Are you asking too much of the seller?
Buying a home is not much different then buying any other commodity. Yes I know we inspectors and realtors always make the famous statement that “This is most likely the most expensive purchase you will ever make in your lifetime.” While this is true I still say it is a lot like buying jeans or a car or anything else, you buy the one that fits you and is within your budget. When most of us go shopping for a car we don’t pull up to the dealer and say “I’ll take that one”. Most people will research the purchase and get prices and then decide which one they can afford and which one is priced properly. Buying a home is similar in a lot of ways. You need to find the home that you like and fits within your budget. This is where my thoughts tie into this story.
Lets suppose you find the perfect home. Most often this home is an older home that will need some maintenance. You show up with the realtor and look around the property. You make an offer subject to financing and an inspection and hope for the best. The inspector shows up and begins to have a look around. Some obvious issues are the fence and deck that is past its prime and will need some TLC or to be replaced outright. Next the inspector tries a few of the older crank style wooden casement windows and reports a few stripped cranks and one or two sealed units that have fogged up. The report should be clear that this home is an older home and older windows are to be expected. I often will comment to the customer that it is rather amazing that only one or two windows have issues considering the age of the home.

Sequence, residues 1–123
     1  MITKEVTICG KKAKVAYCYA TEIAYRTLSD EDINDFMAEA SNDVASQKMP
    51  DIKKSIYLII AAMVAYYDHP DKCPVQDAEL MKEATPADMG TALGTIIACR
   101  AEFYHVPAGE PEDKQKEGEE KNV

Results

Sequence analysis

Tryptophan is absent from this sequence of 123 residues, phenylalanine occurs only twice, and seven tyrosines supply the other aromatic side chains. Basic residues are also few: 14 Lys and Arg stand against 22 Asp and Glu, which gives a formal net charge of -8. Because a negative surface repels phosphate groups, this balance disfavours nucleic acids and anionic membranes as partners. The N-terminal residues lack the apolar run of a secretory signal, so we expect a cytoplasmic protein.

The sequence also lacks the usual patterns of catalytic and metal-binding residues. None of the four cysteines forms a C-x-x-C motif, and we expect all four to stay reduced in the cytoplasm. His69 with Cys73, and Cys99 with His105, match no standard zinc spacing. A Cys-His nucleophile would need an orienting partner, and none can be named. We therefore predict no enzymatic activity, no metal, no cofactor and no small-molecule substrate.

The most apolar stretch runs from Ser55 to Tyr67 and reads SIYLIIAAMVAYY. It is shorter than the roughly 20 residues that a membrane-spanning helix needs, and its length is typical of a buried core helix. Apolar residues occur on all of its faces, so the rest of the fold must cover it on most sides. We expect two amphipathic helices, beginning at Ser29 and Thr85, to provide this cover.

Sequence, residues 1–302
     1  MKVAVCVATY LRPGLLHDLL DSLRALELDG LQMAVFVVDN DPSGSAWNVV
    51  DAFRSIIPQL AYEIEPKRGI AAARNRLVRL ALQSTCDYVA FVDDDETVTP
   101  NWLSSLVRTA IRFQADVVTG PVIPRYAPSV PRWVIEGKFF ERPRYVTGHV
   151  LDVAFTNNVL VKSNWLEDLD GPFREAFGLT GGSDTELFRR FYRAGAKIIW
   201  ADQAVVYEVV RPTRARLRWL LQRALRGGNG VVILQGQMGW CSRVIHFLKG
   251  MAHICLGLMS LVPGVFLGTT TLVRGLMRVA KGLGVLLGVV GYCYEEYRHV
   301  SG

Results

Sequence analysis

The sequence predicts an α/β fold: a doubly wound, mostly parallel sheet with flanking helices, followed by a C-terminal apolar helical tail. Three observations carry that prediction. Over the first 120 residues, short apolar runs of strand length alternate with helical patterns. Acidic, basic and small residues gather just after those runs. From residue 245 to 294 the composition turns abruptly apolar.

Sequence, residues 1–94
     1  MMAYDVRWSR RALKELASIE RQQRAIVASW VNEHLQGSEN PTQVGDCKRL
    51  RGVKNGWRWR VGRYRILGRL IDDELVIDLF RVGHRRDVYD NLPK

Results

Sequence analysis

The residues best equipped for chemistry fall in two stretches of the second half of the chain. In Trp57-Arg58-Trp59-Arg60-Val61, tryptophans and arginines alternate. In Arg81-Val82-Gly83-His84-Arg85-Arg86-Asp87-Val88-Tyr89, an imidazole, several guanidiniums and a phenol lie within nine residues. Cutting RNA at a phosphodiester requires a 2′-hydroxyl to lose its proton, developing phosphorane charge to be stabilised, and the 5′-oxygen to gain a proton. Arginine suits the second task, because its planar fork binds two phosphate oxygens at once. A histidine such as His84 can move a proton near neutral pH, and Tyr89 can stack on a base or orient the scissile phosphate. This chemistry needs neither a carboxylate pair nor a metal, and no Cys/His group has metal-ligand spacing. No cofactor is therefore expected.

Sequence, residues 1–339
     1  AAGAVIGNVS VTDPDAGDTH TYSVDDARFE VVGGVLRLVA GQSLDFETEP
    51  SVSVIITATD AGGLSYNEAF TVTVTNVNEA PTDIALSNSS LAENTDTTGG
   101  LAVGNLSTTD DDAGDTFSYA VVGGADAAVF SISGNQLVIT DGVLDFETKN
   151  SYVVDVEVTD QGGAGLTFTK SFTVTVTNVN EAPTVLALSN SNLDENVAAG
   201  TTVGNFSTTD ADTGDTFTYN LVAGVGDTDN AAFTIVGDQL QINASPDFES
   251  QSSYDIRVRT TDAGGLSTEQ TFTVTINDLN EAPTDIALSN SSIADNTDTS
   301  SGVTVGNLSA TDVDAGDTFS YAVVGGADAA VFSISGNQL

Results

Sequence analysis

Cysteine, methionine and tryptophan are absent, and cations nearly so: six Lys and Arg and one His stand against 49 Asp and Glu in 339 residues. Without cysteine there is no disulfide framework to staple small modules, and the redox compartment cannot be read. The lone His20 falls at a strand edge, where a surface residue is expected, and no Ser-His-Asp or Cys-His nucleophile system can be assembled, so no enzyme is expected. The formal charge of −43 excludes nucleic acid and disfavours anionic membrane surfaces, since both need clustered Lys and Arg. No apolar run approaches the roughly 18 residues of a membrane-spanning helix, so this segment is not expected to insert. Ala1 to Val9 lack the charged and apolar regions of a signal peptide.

The next step is up to the buyer to lift the condition of the inspection. Here is where things can get dicey. Some buyers will look at the inspection report and demand that the seller replace the old deck and fence. They will want $5000.00 off because the windows are old. Ultimately they need to step back and consider a few things. First of all the deck and fence and windows were not hidden when they made the initial offer. It is true that the problems are more defined by the inspector but it is not surprising that these issues are present in this age of home. Just because the inspector points them out doesn’t necessarily mean that the seller must make the issue go away or pay to fix it. After all old homes have old components and old components require repairs now and then. As I always say, if you want a better home you can get one across town in a newer area for $100,000 more. My point is you are buying an older home because it is what you can afford. You really can’t expect the seller to fix and update the old home just because you hope for more. So be realistic and decide if the home is priced appropriately for its condition and then make a reasonable offer. Finally be fair in the negotiations and the home can be yours at a fair price.